Buy or make a few colorful clipboards to help you stay organized throughout the day. Load the clipboards with paper you like: lined, plain, graph, colored, white, or perhaps a variety. I saw plenty of beautifully designed clipboards like http://bit.ly/bFnsva Busy Mom Boutique. You could decorate your clipboard with wallpaper, scrapbook papers, ribbons, whatever suits your personality.
Next, hang your clipboard over a hook near your desk or other area where you’d like to be reminded of things to do throughout the day. If it’s easier and quicker to use a nail, go for it.
Now you have an easily transportable list you can take with you. It’s inexpensive and fun.
Let me know if you end up designing your own. I’d love to see a picture of your clipboards.
This Fall, I will once again be teaching the 15-week entrepreneurship class for the Women’s Enterprise Development Center (WEDC) in Westchester County, New York. As an instructor, I attend many training meetings to get ready for the upcoming semester, and a recent one focused on financing. Lending officers from TD Bank revealed their strategies for securing a business loan. I thought I’d share what I learned, since the tips are helpful for anyone contemplating a loan—whether now or in the future. Keep in mind, however, that it is still very difficult for start-ups to get loans. Banks want to know that you’re established, with proven ability to earn revenue and pay back debts. But if you’ve been in business at least 2 years, and can document your growth potential, you will have a better chance at getting financing.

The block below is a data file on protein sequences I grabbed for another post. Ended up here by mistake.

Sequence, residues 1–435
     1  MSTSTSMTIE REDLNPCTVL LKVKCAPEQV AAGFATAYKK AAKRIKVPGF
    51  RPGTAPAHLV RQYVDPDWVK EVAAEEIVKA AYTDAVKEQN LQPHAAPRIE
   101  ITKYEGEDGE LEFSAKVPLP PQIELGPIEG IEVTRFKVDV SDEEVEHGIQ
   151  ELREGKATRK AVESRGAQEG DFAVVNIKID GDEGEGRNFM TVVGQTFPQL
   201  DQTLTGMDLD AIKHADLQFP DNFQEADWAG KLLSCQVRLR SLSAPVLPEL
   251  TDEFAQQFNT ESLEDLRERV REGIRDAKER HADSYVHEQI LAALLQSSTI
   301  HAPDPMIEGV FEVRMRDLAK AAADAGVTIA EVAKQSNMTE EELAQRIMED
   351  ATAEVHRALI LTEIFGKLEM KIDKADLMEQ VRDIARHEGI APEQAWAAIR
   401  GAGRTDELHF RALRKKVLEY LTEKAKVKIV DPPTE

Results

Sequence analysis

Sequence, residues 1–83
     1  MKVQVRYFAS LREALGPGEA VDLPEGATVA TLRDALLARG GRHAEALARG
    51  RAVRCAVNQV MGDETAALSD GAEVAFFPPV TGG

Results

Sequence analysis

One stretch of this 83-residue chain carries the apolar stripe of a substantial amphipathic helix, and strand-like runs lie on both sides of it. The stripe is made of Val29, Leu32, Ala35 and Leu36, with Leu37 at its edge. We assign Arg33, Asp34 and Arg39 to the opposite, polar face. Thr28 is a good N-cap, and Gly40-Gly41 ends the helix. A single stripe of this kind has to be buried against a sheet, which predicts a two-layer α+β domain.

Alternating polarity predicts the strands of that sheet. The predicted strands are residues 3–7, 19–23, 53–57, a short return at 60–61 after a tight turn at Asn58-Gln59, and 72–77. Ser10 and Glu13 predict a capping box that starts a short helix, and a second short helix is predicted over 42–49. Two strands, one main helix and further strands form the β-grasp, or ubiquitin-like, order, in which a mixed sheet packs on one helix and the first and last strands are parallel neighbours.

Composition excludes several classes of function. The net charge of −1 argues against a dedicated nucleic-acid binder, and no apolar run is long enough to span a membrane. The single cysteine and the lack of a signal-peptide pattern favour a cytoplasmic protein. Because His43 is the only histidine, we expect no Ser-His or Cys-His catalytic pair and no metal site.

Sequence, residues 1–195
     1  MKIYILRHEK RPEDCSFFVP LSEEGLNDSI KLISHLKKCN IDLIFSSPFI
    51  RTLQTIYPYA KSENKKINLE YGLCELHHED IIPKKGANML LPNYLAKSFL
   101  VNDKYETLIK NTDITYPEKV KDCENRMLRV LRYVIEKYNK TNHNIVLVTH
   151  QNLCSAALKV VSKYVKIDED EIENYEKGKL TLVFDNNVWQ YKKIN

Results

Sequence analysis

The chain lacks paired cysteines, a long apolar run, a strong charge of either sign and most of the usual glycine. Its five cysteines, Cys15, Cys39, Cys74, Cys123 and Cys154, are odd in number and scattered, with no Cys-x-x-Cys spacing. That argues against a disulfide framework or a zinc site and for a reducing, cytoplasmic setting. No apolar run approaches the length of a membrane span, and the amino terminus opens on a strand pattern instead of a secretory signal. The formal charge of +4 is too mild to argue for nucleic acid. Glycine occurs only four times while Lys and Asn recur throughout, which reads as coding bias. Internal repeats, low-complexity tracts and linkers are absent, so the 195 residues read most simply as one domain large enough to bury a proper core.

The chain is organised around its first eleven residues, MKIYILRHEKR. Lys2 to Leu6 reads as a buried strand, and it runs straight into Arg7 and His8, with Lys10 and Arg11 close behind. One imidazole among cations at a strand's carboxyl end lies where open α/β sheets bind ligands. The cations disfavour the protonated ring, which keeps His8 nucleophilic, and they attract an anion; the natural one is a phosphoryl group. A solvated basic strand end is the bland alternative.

Here’s what banks will expect from you.
A Business Plan. Banks need to understand your business, industry, profitability and growth potential. Provide them with a detailed business plan that gives them a clear sense of what you do, who your customers are and how much money the company earns. It should include: A Mission Statement describing your products or services; business structure (sole proprietor, partnership, LLC, or corporation); management plan (who runs the company); short- and long-term goals; marketing plan; operational plan; pricing, costs, and financial projections. You can find business plan templates at the SBA.
Financials & Tax Returns. Provide 2 years of current tax returns, and a financial statement showing cash flow projections for at least 2 years. Include all revenues (gross and net sales and gross profit) and expenses (advertising, rent, equipment/supplies, utilities, etc.). Don’t forget to factor in your loan payments. TD Bank has a great calculator you can use for figuring out payments: